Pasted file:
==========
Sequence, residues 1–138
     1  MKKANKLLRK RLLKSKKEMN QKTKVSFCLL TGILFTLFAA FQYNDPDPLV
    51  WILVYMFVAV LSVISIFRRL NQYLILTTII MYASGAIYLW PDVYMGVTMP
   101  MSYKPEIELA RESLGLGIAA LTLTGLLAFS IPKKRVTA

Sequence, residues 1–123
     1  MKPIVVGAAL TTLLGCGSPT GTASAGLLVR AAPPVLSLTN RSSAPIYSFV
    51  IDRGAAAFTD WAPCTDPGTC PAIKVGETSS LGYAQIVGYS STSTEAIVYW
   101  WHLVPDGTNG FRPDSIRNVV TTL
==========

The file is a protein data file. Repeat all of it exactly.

Sequence, residues 1–138
     1  MKKANKLLRK RLLKSKKEMN QKTKVSFCLL TGILFTLFAA FQYNDPDPLV
    51  WILVYMFVAV LSVISIFRRL NQYLILTTII MYASGAIYLW PDVYMGVTMP
   101  MSYKPEIELA RESLGLGIAA LTLTGLLAFS IPKKRVTA

Sequence, residues 1–123
     1  MKPIVVGAAL TTLLGCGSPT GTASAGLLVR AAPPVLSLTN RSSAPIYSFV
    51  IDRGAAAFTD WAPCTDPGTC PAIKVGETSS LGYAQIVGYS STSTEAIVYW
   101  WHLVPDGTNG FRPDSIRNVV TTL